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The coffee plant was brought by the French Colonists to Vietnam in 1857, grown for French missionaries in the monasteries. Vietnam’s rich soil and tropical climate ensured that the coffee plant thrived and continued to be grown in the country. While the country’s Central Highlands were found to be the ideal location for the expansion of coffee production, it was only after the Vietnam War that cultivation of coffee plants began in earnest in the region.


After the Vietnam War, the Communist Party incentivise migration to rural areas such as the Central Highlands in part to address unemployment. The population of the Central Highlands tripled from 1975 to 2018, contributing the growth of coffee production in the country. Since 1975, coffee production in Vietnam has grown 100 times, catapulting it to the world’s 2nd largest coffee producer.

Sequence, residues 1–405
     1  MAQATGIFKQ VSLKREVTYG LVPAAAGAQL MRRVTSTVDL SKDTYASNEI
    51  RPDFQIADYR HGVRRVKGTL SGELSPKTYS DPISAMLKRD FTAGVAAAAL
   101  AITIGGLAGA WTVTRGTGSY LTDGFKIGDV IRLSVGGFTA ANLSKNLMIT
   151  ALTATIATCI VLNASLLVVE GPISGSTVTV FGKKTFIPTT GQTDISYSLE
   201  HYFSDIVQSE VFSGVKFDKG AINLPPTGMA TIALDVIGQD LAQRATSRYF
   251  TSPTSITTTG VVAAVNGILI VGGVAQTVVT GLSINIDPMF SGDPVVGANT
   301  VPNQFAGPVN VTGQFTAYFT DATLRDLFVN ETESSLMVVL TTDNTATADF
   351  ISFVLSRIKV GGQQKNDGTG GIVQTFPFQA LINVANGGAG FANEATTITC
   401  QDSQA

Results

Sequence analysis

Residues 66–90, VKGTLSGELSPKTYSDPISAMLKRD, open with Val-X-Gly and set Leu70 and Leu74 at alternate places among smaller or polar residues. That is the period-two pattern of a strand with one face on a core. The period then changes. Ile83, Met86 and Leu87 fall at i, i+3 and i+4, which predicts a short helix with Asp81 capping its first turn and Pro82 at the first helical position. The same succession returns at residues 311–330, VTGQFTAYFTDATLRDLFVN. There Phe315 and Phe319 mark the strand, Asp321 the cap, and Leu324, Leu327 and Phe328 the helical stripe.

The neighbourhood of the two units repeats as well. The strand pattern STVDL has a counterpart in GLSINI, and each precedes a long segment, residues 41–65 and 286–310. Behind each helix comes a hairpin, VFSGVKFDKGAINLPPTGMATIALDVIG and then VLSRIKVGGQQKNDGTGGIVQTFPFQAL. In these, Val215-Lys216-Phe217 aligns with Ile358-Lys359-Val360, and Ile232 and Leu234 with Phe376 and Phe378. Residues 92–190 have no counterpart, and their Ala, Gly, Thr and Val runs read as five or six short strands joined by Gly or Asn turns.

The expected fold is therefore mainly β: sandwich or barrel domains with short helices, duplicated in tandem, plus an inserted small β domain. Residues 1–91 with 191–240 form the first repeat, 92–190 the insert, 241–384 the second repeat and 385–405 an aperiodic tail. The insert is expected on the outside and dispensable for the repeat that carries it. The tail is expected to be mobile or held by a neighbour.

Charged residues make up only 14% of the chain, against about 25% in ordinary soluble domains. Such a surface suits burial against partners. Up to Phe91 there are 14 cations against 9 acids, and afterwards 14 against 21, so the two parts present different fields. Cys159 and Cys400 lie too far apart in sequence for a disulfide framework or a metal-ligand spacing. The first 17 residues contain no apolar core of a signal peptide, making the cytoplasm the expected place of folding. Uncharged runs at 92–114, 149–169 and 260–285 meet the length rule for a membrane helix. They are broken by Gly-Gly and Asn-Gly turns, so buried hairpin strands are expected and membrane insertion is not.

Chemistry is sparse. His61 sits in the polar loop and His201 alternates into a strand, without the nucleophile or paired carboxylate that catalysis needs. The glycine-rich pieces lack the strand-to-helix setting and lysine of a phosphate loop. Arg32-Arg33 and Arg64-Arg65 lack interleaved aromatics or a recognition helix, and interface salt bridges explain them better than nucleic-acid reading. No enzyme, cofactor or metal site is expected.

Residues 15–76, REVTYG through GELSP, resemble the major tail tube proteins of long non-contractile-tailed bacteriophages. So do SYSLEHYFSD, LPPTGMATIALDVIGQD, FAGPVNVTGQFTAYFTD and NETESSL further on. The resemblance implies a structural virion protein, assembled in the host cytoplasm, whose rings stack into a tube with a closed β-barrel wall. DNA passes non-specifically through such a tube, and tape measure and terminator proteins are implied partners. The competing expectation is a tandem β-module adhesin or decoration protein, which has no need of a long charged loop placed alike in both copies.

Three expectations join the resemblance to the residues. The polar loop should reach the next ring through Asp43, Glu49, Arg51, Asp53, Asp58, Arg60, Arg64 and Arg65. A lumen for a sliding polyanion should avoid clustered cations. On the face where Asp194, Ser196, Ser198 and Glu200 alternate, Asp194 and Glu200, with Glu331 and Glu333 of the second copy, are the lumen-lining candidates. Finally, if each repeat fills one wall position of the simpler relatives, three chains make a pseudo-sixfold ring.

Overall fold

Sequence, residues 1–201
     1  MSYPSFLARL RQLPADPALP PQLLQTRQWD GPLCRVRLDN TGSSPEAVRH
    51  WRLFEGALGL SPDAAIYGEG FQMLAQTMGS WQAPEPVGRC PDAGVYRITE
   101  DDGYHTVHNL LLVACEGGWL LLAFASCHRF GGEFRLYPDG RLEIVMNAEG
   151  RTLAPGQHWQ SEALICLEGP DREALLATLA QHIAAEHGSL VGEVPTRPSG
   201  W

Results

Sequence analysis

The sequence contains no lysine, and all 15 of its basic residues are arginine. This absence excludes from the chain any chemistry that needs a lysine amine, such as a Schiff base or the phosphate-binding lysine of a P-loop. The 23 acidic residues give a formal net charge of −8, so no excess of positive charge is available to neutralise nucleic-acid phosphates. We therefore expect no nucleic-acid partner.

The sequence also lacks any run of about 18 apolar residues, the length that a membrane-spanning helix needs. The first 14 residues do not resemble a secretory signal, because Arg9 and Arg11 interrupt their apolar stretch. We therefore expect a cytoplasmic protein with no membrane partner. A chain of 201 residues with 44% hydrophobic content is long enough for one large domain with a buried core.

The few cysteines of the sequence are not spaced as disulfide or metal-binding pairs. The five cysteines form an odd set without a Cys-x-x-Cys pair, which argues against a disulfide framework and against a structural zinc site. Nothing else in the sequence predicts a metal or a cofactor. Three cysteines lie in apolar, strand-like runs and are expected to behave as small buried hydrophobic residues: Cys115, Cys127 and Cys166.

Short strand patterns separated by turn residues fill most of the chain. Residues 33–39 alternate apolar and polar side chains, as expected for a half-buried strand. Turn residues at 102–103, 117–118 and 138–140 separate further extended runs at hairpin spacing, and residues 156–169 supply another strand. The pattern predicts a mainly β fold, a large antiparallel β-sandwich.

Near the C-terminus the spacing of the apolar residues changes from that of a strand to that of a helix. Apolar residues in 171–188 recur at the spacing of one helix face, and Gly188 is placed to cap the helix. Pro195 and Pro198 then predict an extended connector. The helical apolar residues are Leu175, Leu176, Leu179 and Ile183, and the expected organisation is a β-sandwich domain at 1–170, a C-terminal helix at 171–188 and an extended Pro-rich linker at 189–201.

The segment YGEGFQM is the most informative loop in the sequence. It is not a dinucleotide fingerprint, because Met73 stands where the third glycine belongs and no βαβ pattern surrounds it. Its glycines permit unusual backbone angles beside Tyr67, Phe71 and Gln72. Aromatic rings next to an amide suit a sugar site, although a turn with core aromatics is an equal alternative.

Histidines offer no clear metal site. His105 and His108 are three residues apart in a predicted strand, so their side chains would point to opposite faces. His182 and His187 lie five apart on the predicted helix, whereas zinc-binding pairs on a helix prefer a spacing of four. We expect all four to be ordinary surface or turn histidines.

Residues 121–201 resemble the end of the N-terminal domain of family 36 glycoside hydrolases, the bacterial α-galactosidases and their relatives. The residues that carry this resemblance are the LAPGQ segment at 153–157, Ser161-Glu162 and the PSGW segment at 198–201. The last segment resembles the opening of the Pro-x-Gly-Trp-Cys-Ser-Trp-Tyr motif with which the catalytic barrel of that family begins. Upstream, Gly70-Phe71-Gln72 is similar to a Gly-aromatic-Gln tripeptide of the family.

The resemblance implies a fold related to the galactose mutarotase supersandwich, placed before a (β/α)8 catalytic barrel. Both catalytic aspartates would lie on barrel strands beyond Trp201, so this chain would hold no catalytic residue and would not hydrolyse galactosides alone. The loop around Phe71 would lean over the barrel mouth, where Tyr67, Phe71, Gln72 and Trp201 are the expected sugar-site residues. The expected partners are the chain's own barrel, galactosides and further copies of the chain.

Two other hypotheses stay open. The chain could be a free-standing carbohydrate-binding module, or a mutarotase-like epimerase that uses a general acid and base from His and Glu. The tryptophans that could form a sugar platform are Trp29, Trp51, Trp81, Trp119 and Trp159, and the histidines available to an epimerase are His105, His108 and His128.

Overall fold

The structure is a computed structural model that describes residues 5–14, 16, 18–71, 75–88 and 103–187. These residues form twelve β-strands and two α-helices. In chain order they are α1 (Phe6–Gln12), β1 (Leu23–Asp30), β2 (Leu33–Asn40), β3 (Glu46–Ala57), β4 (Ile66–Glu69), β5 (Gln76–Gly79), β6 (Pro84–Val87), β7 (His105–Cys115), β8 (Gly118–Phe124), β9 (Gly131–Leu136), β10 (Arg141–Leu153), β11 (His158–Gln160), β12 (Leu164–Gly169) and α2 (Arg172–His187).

Vietnam Coffee

Vietnam focuses on the production of Robusta coffee, which makes up 97% of its coffee production, contributing to 40% of the world’s Robusta coffee exports. Vietnam’s Robusta coffee yield is the highest per hectare worldwide, 80% of which is grown in the Central Highlands region. Most coffee plantations in Vietnam is owned by smallholders, with plot size ranging from 1-50 hectares, while the bigger coffee plantations (500 hectares and above) are operated by state-owned enterprises. Typically, Vietnamese coffee producers blend several varieties of beans to balance the flavour characteristics as well as to economise costs.

Vietnamese coffee is usually made in a Vietnamese coffee drip. Ground coffee is tamped into the drip and hot water is poured over, dripping slowly into a glass. Traditionally, condensed milk is used to sweeten the coffee due to its easy availability and longer shelf-life, this drink is called cà phê sữa. For an iced version, ask for cà phê sữa đá. A Vietnamese coffee with condensed milk and coconut milk is called bạc xỉu. Another alternative is cà phê trứng – coffee with condensed milk and raw egg yolks, the Vietnamese version of a cappuccino. Drop by the famous Trung Nguyen outlet we’ve covered previously in our Ho Chi Minh City Quick City Guide to partake in the local potent brew.